What To Put In A Disaster Kit, & Why You Need One

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Hurricane Harvey has devastated Texas, and wildfires are threatening 200 homes in Los Angeles amid triple-digit temps. Natural disasters are pretty much a given with global warming on the rise, but most people aren't prepared for them, according to Urban Survival Site. This is why you need a disaster kit, and to know what you'll need to put in it. You'll need food, water, medication, a first-aid kit, pet food, cash, and more. "It’s important to build an emergency supply kit and have it ready and available at a moment’s notice," William Booher, a spokesman for the Federal Emergency Management Agency, told the New York Times.

While I grew up in the Midwest where tornados are a fact of life, and I've survived both a tropical storm, and Hurricane Irene living on the East Coast, I didn't get a disaster kit until I moved to Los Angeles because, earthquakes. I have no idea why we didn't have a disaster kit growing up. When the tornado sirens went off, which was pretty often during tornado season, that was the signal to grab everything you could carry and head to the basement. I once spent six hours in the basement of a bar in Indiana after a tornado ripped through the town while I was inside.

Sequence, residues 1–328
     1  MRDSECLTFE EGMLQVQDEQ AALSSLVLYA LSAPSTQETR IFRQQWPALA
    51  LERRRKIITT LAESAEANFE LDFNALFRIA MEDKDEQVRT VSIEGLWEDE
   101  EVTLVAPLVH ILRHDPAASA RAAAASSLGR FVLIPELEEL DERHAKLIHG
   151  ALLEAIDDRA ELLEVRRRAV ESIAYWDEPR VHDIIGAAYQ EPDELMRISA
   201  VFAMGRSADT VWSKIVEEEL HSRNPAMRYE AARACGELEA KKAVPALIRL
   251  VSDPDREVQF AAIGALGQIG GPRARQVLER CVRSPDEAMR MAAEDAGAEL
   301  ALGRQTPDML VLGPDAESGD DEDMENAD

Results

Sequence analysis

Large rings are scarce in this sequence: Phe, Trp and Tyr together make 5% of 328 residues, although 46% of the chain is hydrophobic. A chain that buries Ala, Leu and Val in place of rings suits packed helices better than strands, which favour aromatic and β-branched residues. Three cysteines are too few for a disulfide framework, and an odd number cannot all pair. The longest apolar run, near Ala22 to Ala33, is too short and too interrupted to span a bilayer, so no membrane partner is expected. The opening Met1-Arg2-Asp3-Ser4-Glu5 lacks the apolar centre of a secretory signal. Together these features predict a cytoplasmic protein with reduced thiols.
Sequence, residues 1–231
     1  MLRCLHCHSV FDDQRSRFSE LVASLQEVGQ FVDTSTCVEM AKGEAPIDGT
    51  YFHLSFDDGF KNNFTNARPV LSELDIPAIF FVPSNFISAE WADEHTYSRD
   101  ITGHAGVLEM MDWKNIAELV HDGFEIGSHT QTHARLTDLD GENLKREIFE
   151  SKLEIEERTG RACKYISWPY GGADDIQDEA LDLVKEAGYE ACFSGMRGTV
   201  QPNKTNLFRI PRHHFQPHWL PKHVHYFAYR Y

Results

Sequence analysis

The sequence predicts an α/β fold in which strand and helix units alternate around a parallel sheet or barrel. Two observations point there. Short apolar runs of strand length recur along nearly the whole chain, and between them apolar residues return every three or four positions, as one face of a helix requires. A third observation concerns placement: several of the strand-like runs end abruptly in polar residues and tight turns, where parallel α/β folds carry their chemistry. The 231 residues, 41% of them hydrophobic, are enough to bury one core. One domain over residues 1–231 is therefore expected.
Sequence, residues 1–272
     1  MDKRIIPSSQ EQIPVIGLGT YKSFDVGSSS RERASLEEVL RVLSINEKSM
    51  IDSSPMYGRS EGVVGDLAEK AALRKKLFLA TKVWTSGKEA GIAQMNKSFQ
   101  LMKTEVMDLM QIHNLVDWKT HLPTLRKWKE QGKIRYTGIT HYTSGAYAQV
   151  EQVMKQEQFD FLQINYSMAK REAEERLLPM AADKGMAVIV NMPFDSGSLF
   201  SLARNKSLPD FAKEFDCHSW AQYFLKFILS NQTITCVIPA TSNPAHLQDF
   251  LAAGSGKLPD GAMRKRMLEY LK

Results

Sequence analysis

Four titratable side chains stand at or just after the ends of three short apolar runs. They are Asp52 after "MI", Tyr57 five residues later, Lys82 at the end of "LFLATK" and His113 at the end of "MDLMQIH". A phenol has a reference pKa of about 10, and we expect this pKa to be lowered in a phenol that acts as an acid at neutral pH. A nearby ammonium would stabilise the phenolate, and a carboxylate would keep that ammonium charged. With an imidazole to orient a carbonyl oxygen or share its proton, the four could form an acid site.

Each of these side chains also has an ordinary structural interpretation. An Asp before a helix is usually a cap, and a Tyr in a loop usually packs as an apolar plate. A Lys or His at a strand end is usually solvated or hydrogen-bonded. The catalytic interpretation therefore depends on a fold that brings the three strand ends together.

Like Urban Survival Site noted, perhaps we didn't prepare because we thought everything would be fine. We thought it could never happen to us. But it can, and it does, and this is why you need to be prepared.

Why You Should Be Prepared

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When I started my career as a newspaper reporter on the East Coast, hurricanes and blizzards didn't mean "take cover." They meant "get out there and get the story." Foolishly, I didn't even have an emergency kit in my car even though I put myself in dangerous situations constantly.

During the Patriot's Day Nor'easter 10 years ago, I remember driving my Jeep to the National Guard barricade in Maine, and convincing them to let me pass. I waded through two feet of water to walk the beach and document homes that had literally been split in half and were washing out to sea.

Now, as I watch a wildfire raging five miles away from my house in Los Angeles — I can see the flames leaping into the sky from my front yard — having a disaster kit at the ready seems pretty damn important. Ready.gov has a checklist of basics to include in every disaster kit if you're having trouble getting started. I bought a disaster kit from Amazon that is a small backpack with food and water for three days, a first-aid kit, light sticks, emergency blankets, rain ponchos, gloves, face masks, and a whistle. I then added a life straw, which filters water in the event you need to drink from a puddle, dehydrated dog food, and tampons.